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Bengal reports 11 more COVID-19 deaths to take toll to 580; low key Rath Yatra in state 


KOLKATA: Eleven more people succumbed to the COVID-19 in West Bengal on Tuesday, taking the death toll due to the disease to 580, while confirmed coronavirus cases reach 14,728 with 370 fresh infections, a state health department bulletin said.

Nine of the 11 deaths were due to co-morbidities where COVID-19 was incidental, it added. The number of active cases now stand at 4,930.

The discharge rate in West Bengal also improved to 62.58 per cent after 531 patients were relieved from different hospitals in the state.Till Tuesday, a total of 9,218 people have recovered from the disease in the state. Since Monday, 9,423 samples have been tested in West Bengal, the bulletin said.

The annual Rath Yatra was a low-key affair in West Bengal due to the COVID-19 pandemic, with just a handful of devotees visiting the ISKCON temples in Kolkata and Mayapur, and some offering prayers at the Lord Jagannath shrine in Hooghly district.

No chariot was taken out in any part of the state to avoid public gatherings, but priests and devotees performed the rituals, while maintaining social distancing norms, official sources said.

Chief Minister Mamata Banerjee extended her greetings to the people on the occasion.

"Greetings to all my brothers and sisters on the occasion of the #RathYatra Festival. May the blessings of Lord Jagannath be showered on all, specially during this disturbing time of the COVID-19 pandemic. Jai Jagannath," Banerjee posted on her Twitter handle.

The nine-day festival is usually marked by a procession of chariots, in which the three deities -- Jagannath, Balaram and Subhadra -- embark on an annual journey to Gundicha temple and back.

At the International Society for Krishna Consciousness (ISKCON) temple in Kolkata, all rituals were performed on the temple premises, its spokesperson Radharaman Das told PTI.

"Three small chariots, similar to the ones pulled by children, were taken out briefly on the temple compound by the monks, as a symbolic gesture. Every year, idols of the three deities are taken to Maidan area in chariots. This year, all rituals will be performed in the temple," Das said.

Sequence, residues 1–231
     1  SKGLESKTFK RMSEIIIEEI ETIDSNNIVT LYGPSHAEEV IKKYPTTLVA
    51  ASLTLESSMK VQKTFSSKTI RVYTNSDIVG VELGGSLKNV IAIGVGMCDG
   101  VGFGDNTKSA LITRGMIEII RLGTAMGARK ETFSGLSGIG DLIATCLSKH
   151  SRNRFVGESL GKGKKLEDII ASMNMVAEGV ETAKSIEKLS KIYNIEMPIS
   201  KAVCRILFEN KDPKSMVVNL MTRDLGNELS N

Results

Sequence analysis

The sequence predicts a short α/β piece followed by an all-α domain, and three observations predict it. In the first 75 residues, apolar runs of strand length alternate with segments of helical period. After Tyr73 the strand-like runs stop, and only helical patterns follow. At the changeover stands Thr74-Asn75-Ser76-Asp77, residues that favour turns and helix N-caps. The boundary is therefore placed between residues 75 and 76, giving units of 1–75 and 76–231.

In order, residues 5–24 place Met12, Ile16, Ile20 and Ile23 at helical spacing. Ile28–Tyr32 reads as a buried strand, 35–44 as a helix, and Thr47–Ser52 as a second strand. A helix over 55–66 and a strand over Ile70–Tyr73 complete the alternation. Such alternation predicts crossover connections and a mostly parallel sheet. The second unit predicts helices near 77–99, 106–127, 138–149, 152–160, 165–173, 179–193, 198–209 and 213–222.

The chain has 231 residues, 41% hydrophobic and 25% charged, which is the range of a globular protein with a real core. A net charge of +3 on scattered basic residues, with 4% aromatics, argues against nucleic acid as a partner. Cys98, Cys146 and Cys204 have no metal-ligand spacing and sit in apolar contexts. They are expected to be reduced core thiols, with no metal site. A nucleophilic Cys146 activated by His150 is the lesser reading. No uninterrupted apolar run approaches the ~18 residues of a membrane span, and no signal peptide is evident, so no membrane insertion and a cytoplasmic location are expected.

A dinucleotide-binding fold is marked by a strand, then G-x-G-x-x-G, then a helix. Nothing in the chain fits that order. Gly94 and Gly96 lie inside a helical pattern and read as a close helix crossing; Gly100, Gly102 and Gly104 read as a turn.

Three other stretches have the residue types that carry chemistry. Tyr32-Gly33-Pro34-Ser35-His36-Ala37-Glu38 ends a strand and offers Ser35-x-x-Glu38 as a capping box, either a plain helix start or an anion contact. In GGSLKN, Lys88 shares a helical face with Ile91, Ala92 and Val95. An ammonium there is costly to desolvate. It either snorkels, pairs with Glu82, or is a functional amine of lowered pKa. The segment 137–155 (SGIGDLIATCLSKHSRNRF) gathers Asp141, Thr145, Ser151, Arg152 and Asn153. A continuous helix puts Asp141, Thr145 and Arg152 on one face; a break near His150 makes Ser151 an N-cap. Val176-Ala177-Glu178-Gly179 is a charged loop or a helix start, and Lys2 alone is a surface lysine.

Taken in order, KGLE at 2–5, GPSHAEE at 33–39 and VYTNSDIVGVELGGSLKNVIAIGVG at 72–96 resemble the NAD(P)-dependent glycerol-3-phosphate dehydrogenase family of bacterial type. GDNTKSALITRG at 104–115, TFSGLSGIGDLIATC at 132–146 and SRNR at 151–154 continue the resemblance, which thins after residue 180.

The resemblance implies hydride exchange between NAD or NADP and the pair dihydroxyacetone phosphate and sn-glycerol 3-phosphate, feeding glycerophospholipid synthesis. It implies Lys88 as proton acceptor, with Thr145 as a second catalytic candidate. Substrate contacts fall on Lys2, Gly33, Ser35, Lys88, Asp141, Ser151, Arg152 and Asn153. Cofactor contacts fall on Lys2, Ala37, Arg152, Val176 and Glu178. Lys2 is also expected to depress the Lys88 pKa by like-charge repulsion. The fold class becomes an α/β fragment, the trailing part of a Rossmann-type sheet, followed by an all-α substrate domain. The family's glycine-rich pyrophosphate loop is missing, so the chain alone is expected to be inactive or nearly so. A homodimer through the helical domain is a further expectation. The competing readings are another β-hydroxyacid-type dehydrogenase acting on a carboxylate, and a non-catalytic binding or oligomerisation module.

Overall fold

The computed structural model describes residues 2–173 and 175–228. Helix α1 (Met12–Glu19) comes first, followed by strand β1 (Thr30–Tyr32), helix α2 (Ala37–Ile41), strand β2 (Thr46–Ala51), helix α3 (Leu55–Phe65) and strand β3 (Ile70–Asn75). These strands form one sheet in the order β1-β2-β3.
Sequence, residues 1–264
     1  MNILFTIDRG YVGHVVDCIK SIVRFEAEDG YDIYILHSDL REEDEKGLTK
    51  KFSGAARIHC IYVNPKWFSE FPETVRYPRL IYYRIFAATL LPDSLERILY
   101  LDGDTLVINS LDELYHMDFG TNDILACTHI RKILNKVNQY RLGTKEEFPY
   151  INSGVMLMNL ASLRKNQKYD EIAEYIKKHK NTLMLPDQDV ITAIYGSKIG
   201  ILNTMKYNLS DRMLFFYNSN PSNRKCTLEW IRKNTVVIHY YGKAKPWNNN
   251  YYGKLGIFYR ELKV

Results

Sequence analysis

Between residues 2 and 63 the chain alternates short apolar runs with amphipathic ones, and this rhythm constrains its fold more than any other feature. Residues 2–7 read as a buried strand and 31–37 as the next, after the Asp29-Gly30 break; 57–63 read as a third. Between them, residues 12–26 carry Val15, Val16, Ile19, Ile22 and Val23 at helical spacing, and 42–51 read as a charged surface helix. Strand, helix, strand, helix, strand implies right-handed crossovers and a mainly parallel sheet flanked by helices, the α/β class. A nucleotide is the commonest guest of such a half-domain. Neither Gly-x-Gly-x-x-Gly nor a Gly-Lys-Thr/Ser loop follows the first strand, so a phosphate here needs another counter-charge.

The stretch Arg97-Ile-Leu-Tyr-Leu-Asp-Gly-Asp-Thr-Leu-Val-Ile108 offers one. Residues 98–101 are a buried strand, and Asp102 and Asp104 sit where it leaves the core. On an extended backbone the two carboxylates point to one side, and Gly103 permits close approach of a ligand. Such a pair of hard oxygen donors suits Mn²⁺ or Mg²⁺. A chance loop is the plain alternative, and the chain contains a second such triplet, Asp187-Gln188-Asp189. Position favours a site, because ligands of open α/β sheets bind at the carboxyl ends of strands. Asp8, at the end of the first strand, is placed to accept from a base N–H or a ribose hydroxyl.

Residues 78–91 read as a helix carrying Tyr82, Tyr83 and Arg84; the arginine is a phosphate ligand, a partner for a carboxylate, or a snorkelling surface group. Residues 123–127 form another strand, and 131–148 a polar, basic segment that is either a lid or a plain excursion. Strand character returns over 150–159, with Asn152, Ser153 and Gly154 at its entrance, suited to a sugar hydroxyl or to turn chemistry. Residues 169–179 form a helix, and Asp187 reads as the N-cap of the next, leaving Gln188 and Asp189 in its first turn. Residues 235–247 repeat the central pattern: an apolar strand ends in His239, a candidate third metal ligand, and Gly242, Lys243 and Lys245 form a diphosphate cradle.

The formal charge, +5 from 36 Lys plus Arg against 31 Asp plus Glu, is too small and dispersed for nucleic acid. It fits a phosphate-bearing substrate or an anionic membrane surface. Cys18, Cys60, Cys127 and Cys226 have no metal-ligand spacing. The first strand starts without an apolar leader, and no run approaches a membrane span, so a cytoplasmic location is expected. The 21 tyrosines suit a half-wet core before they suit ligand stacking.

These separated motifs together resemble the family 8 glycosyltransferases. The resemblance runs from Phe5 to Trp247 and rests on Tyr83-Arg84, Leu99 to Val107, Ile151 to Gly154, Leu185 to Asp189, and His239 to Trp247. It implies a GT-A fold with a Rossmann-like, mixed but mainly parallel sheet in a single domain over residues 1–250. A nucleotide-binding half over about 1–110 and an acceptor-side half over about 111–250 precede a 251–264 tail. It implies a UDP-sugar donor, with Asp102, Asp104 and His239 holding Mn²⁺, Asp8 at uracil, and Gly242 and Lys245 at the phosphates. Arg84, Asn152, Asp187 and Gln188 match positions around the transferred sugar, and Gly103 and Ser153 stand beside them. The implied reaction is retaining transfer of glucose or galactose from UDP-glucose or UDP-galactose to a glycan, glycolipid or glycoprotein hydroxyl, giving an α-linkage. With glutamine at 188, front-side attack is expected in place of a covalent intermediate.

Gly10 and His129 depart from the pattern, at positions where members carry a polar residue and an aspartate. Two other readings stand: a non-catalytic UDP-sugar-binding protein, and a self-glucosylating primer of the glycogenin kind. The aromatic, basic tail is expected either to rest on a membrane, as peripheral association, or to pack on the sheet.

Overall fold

Last year, around 4 lakh people had gathered to pull the chariots on city streets, he said.

"We are praying to Lord Jagannath for strength to fight the crisis. People should be able to turn up in large numbers next year on this day," he said.

At the ISKCON Mayapur centre, which also happens to be the global headquarters of the religious order, only a restricted number of followers, along with servitors and monks, were allowed inside the Chandradaya temple.

A makeshift 'Gundicha' temple has been constructed on the premises, where idols of the three deities will be kept for eight days.

Devotees will be given permission to offer prayers, only after screening and proper sanitisation, ISKCON Mayapur spokesman Subrata Das said.

"As part of our 'Mercy on Wheels' initiative, people can watch the observance of rituals online by logging on to our website," the spokesperson said.

The chariot festival, which is marked by traditional feasts and commemoration in Mahesh, in Hooghly district -- home to the 624-year-old Jagannath temple -- was also observed without any pomp and show.

"Three shaligram shila (seashell stones representing the deities inside the temple) were taken along the usual rath yatra route to a distance of one kilometre and kept there."

"The chariot at the shrine will be illuminated for the next eight days," Piyal Adhikary, the working secretary and managing 'sevayat' of the temple committee in Mahesh, said.

The centuries-old Tarapith Temple, one of the shakti peeths, in Birbhum district reopened its doors to devotees on the occasion, having taken care of all safety protocols.

"Not more than 10 devotees will be allowed inside the temple at a time. Each of them will have to pass through three sanitation tunnels," a temple spokesperson said.